August 11, 2021
Earlier this summer, the Biden Administration proposed the creation of a new Advanced Research Projects Agency for Health (ARPA-H) at the National Institutes of Health. In the President’s proposal, ARPA-H would receive $6.5 billion to “drive transformational innovation in health research and speed application and implementation of health breakthroughs.” This is modeled after the Defense Advanced Research Projects Agency (DARPA) and a similar program at the Department of Energy (ARPA-E), which allow program managers to direct funding decisions and support use-inspired research, directed at societal challenges, that is not pursued by private industry due to the uncertainty of rapid return on investment. The proposal has gained momentum on Capitol Hill as well, where House-passed appropriations legislation included $3 billion for NIH to develop the new agency. ARPA-H will require authorizing legislation and U.S. Reps. Diana DeGette (D-CO) and Fred Upton (R-MI) released draft legislation in June to make ‘a new federal advanced research agency to cure cancer, Alzheimer’s and other difficult diseases a reality’.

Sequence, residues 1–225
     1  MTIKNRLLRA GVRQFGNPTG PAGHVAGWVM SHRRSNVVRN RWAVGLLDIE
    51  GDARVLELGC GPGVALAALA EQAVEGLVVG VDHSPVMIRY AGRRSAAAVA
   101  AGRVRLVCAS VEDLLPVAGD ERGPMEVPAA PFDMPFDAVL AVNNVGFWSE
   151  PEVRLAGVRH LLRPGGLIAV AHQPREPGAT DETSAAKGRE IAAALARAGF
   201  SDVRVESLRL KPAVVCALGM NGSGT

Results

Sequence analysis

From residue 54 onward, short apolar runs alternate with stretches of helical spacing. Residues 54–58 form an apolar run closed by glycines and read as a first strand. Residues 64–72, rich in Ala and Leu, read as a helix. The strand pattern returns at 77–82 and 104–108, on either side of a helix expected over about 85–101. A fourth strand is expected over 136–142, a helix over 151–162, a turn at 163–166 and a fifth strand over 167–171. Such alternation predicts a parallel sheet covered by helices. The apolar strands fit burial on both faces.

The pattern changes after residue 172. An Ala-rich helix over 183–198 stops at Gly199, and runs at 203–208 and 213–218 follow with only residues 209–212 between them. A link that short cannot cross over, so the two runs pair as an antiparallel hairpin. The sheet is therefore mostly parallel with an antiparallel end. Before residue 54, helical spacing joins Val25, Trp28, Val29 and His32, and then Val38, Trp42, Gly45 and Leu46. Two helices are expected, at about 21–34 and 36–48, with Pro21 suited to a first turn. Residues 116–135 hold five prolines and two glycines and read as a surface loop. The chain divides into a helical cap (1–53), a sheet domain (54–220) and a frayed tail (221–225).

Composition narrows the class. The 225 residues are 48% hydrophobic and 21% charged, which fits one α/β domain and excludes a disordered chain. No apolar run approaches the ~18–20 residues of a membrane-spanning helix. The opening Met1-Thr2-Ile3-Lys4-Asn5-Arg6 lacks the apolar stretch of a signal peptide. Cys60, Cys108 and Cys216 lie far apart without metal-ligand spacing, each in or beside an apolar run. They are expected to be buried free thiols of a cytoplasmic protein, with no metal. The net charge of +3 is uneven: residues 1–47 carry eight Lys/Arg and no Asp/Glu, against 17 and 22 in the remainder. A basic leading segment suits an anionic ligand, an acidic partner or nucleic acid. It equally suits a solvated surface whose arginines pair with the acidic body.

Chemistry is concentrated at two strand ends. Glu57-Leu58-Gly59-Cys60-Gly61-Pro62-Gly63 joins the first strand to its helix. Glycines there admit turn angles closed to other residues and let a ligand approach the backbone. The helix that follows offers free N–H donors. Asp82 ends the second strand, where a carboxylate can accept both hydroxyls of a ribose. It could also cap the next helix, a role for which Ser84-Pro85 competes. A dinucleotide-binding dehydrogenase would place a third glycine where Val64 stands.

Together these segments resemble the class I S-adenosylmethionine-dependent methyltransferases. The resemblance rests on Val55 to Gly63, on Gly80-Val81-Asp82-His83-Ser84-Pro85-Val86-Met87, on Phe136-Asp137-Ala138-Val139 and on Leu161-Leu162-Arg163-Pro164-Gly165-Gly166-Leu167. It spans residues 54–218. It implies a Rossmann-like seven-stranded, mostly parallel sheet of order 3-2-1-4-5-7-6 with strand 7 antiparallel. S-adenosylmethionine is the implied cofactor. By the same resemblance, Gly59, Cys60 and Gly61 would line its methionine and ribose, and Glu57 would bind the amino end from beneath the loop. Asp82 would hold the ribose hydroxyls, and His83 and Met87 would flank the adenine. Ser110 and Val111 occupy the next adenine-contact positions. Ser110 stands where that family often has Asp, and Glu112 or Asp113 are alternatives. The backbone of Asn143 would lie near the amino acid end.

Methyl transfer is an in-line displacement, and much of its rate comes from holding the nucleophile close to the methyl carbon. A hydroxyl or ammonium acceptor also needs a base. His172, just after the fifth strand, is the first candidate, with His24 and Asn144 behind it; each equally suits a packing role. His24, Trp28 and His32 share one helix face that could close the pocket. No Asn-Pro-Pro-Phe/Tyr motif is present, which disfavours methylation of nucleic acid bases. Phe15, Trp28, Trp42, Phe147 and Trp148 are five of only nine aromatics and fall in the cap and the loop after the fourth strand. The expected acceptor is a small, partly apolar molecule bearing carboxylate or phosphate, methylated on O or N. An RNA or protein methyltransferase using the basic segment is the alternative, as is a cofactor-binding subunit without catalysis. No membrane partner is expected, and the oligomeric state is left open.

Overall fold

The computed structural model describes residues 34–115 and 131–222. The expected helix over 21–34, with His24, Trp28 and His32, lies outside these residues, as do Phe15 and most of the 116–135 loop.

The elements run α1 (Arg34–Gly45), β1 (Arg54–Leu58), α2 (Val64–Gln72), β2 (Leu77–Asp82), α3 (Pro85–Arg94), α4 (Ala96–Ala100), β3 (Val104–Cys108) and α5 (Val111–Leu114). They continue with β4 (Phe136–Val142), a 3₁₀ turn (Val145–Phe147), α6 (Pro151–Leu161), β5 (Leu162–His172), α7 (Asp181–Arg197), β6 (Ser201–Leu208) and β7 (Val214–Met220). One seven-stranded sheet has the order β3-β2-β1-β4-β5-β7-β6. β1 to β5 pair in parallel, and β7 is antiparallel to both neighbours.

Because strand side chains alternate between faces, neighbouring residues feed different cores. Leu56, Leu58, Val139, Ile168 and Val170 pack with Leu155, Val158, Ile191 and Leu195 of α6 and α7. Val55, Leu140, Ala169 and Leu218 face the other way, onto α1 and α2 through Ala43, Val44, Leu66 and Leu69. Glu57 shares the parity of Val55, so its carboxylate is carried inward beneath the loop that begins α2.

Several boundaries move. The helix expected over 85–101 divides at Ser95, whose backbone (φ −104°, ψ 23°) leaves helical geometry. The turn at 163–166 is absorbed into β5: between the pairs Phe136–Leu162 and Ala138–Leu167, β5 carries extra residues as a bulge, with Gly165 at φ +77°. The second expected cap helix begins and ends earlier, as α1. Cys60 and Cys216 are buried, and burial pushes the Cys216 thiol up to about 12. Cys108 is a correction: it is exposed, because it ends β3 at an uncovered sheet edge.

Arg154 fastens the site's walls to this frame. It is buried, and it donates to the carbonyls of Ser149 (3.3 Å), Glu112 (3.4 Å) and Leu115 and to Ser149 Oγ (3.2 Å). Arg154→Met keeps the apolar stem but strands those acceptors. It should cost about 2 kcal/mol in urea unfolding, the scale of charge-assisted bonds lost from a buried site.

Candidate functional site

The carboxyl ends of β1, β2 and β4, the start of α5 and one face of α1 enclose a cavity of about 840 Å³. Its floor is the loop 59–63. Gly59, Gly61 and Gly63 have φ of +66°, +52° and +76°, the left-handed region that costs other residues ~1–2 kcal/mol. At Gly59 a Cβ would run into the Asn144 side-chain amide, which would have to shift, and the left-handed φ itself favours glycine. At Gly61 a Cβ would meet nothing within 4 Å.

Much has yet to be determined about the specifics of how ARPA-H will play out. The NIH and White House Office of Science and Technology Policy (OSTP) have organized a series of open and invite-only listening sessions to get feedback on the proposal. FABBS has been invited to participate in a STEM Community listening session on August 12 and also to present on behalf of the Friends of NIMH, a coalition which FABBS co-chairs, at the August 16 session with the National Institute of Mental Health and National Institute of Neurological Disorders and Stroke. Discussions during these sessions will influence the ultimate structure and aims of ARPA-H, making it critical for behavioral and cognitive scientists to be represented in the ideas.
Have a concern or proposal for ARPA-H? Please contact us at email@example.com.